From the "Known Unknown " Series, digital print, ed. 10, 2018, 17"x22"
Phillip David Stearns
Based in Brooklyn, Phillip Stearns objects to the belief that technology is neutral. A mixed media artist whose works experiment with creative coding, physical computing, interactive design, circuit bending and computational weaving, Stearns’ primary interests lie not on the particulars of what a given technology can do, but on understanding the socio-political atmosphere from which new things arise. Deconstruction, reconfiguration, and extension are key methodologies and techniques employed in the production of works that range from audiovisual performances, electronic sculptures, light and sound installation, digital textiles, and other oddities both digital and material. His work has been exhibited internationally at electronics arts festivals, museums, and galleries including: Turku Biennial 2013, WRO Biennale 2013, Transmediale 2013, Denver Art Museum (2013), The Photographer’s Gallery London (2012), The Camera Club of New York (2012), Eyebeam (2012, 2007), Harvestworks (2010, 2012)
Fragmented Memory is a triptych of large woven tapestries completed in May 2013 in Tilburg, NL at the Audax Textielmuseum’s Textiellab. The project uses digital practices and processes to blur the lines between photography, data visualization, textile design, and computer science. The results are works of visual art that serve not only to render visible the invisible processes mediating everyday experience, but also to operate as distinctly tactile and lo-fi digital storage media—the process becomes a means to capture, record, and transmit data.
Spanish artist Daniel Canogar´s life and career have bridged between Spain and the U.S. Since the early 90's, Canogar has been fascinated with the technological history of optical devices and soon after created a multi-projection system with fiber optic cables. The resulting artworks were mobile-like hanging sculptures that projected images onto surrounding walls.
With the advent of digital technology, the artist continued re-conceptualizing visual media as sculpture. By projecting video animations onto salvaged obsolete electronics, he was able to metaphorically reveal the collective dreames trapped within DVDs, old calculators, video-game consoles or found computer hard drives. Also notable are Canogar´s public artworks using flexible LED screens. Like with his earlier fiber optic cable installations, he once again reinvents an existing technology to suit his artistic explorations; by using flexible LED tiles, he is able to create twisting ribbon-like screens for atriums and public spaces. Canogar lives and works in Barcelona, Spain
Ripple evokes the daily news cycle. What we see is a projection with video content from the El Pais’ webpage. An algorithm randomly combines more than 500 videos that are part of recent visual history. Each video leaves a trail that covers the trail of previous videos that have slid down the screen. The effect is of an abstraction that simulates the textures of a fabric. Ripple explores how the constant flow of the Information Society can alter our ability to remember, assimilate, and archive our reality.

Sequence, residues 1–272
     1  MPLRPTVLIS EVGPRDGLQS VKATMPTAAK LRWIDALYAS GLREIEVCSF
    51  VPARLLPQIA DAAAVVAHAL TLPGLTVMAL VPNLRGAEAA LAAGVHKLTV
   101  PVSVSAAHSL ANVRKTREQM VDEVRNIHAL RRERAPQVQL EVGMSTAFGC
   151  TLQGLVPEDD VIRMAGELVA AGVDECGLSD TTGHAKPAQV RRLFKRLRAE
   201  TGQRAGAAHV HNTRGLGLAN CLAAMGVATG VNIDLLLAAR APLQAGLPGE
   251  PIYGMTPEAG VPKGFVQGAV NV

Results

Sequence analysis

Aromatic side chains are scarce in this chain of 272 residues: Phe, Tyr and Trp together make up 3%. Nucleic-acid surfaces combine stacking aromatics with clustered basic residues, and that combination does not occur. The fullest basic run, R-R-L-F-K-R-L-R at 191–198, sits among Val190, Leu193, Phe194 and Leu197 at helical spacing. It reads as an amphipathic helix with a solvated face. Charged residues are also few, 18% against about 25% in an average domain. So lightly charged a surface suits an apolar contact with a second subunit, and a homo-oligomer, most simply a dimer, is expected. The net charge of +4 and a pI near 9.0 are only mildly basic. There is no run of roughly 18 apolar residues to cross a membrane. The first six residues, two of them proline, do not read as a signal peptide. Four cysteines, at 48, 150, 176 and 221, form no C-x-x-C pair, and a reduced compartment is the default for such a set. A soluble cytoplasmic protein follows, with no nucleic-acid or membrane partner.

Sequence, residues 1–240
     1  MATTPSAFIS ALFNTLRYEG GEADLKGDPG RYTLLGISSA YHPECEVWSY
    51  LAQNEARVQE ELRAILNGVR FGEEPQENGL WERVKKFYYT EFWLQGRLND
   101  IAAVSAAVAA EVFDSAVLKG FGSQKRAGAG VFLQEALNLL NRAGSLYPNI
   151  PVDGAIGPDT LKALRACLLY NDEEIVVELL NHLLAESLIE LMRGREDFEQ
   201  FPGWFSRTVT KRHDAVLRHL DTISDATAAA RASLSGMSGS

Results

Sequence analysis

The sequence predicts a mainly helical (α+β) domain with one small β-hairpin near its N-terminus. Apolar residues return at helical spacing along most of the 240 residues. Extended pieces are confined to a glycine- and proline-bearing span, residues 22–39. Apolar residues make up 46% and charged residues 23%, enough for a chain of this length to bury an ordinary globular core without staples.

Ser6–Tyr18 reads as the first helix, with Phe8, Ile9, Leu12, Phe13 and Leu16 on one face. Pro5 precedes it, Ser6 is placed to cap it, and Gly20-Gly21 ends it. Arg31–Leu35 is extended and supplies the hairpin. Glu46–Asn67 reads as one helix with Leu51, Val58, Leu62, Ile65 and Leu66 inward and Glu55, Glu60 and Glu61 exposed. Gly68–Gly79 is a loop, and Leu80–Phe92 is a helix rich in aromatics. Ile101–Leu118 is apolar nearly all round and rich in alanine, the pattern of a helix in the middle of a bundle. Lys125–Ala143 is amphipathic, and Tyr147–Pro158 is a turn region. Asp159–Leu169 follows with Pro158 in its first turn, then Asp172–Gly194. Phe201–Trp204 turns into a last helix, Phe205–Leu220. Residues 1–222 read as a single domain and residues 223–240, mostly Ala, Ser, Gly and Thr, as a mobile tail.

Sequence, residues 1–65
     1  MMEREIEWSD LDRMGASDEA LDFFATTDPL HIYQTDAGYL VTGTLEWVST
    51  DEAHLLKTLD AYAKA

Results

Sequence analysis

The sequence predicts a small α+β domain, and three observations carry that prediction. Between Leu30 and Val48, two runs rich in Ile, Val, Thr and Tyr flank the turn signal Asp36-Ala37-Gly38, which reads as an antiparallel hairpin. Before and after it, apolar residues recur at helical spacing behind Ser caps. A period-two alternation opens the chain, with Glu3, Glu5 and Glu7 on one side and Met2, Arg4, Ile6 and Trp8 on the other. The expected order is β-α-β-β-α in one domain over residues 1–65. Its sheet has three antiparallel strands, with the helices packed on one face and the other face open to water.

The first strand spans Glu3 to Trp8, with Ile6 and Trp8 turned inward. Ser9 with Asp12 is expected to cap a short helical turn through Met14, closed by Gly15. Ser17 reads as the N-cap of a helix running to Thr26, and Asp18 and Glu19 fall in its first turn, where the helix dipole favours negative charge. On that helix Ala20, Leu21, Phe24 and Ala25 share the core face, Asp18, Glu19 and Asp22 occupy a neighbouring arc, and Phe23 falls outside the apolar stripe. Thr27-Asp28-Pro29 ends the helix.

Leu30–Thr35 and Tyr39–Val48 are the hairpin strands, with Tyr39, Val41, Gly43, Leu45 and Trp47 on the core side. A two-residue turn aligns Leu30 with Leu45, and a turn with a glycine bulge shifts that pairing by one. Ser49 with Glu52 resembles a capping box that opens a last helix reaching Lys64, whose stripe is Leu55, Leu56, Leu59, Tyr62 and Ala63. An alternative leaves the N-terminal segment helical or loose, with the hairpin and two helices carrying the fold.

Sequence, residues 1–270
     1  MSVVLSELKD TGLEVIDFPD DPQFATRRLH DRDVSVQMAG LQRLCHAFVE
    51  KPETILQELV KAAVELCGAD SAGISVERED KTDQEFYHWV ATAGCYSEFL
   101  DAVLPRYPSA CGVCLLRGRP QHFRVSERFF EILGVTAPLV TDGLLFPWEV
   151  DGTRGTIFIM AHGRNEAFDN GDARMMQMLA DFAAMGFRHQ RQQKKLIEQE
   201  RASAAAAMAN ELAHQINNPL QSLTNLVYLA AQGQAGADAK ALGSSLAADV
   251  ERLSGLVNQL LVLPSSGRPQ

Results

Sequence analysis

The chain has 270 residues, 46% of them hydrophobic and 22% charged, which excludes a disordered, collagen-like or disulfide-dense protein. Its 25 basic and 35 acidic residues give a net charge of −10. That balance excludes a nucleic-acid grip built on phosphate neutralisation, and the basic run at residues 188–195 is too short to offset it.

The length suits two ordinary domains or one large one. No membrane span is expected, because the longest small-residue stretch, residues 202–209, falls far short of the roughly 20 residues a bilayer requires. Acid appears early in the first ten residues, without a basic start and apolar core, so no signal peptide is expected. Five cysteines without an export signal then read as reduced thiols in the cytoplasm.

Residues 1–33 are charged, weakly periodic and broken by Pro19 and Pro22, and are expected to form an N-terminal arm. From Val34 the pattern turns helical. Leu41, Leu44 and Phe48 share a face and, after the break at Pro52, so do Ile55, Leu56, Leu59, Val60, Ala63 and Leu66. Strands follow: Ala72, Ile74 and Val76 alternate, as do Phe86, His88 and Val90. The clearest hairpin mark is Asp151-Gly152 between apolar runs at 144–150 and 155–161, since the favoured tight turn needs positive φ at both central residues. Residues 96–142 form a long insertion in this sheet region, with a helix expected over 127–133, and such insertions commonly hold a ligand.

Cook works in a variety of media combining weaving with painting, photography, video and digital technology. Her current practice explores the sensuality of the woven image and the emotional connections to memories of touch and cloth. Working in collaboration with neuroscientists, she investigates the nature of the emotional response to woven faces by mapping these responses in the brain. She draws on the laboratory experience both with process and tools to stimulate new work in reaction to these investigations. Cook is interested in both the scientific study as well as my artistic response to these unexpected sources, exploring the territory between in several different ways. Her work has been shown internationally since the seventies and is a pioneer in fiber art. Her work is currently exhibited in Japan.
Cook works and lives in Berkeley, CA.
Intense and Questioning, 2018, 68"x50"
cotton, rayon woven
Connect To Me 2, 2015, 67"x51"
cotton, rayon woven
Maggie Ohr is an artist, writer, and technologist who creates electronic textiles and interactive art at her studio, in Seattle WA. Maggie's artworks include textiles that change-color under computer control, interactive textile sensor and light artworks, and robotic public art.
Maggie developed her interactive art and design works in the context of her company, International Fashion Machines, Inc. (IFM), where she focused on developing the creative, technical, and commercial aspects of electronic textiles. At IFM, Maggie wrote patents, conducted research, and developed her own technology and design products, including the PomPom Dimmer.